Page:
The Ogilvy Group has terminated the employment of its chief creative officer, Tham Khai Meng, after an investigation into his behavior following employee complaints, according to a memo sent to staff Wednesday by CEO John Seifert.
Seifert said he had been informed of employee complaints two weeks prior.
Note that the group rebranded its identity after 70 years.
And in the MENA region, the changes began when Patou Nuytemans’ was appointment as CEO replacing Edmond Moutran.
“I found these complaints serious enough to appoint external legal counsel to investigate the matter,” Seifert said. “After carefully reviewing the investigation’s findings with several of my partners, we concluded that Khai’s behavior was a clear breach of our company values and code of conduct. I have decided to terminate Khai’s employment with the company with immediate effect.”
Seifert added: “This is an important moment to reaffirm that no individual in this company is too senior or too important not to be held accountable for their actions.”
Ogilvy, which is part of the agency holding giant WPP, declined to comment further on the situation.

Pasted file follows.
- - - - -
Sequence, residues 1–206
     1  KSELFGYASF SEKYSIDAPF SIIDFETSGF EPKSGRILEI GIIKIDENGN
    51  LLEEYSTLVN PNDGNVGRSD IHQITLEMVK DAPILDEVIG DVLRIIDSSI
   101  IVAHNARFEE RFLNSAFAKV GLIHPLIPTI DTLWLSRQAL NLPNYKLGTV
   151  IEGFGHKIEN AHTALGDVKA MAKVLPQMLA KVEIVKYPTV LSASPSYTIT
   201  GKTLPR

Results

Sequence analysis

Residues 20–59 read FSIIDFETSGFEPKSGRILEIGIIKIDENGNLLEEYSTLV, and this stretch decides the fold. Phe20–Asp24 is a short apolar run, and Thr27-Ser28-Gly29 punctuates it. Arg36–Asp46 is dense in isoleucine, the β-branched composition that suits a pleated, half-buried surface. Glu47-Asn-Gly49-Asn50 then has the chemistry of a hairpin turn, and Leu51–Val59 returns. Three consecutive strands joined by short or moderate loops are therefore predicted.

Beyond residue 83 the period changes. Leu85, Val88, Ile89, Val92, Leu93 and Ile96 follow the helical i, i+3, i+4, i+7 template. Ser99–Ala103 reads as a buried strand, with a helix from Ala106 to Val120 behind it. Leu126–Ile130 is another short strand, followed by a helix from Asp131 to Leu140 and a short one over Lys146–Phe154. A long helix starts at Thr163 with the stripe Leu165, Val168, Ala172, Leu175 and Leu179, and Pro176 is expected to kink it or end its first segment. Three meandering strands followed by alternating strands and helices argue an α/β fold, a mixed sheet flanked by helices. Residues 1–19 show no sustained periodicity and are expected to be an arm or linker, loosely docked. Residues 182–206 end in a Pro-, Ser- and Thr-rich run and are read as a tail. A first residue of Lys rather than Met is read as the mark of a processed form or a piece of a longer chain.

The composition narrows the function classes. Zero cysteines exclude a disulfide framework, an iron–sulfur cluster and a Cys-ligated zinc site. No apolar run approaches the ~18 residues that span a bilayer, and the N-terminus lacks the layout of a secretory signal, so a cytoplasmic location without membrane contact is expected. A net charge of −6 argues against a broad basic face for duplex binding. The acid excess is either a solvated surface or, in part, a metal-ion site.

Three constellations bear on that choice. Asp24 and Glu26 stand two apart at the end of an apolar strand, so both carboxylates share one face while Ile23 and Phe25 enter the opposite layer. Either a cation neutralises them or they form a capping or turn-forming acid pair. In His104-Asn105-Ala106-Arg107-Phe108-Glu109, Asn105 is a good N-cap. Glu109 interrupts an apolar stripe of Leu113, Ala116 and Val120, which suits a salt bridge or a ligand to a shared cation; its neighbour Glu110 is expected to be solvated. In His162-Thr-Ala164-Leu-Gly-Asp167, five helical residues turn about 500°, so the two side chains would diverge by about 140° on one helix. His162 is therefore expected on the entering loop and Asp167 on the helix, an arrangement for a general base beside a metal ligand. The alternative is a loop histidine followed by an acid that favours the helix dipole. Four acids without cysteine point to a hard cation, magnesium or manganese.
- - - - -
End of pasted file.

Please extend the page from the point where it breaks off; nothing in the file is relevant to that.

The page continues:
Tham could not be immediately reached for comment.
In 2002, he was named to Ad Age’s “Global Power 100,” which suggested to “look for Tham in a in a global creative role down the road, following in the footsteps of his mentor, Neil French.” (French stepped down as WPP Group’s worldwide creative director in 2005, after he said at an industry event that women “don’t make it to the top because they don’t deserve to.”)
Ogilvy named Tham its worldwide creative director and chairman of its worldwide creative council in 2008.
At the Cannes Lions International Festival of Creativity last month, Tham announced at a small gathering at The Carlton hotel the agency planned to hire 20 senior women in creative positions globally by the end of 2020, and would partner with the 3% Movement to create and monitor benchmarks for employee satisfaction.
According to his LinkedIn profile, Tham has a variety of affiliations in the industry, including as an advisor for the Berlin School of Creative Leadership, a board member at Miami Ad School, an advisory board member at Twitter and a member of the Facebook Creative Council.
Twitter declined to comment. The Miami Ad School, Facebook Creative Council and the Berlin School didn’t immediately respond for requests for comment.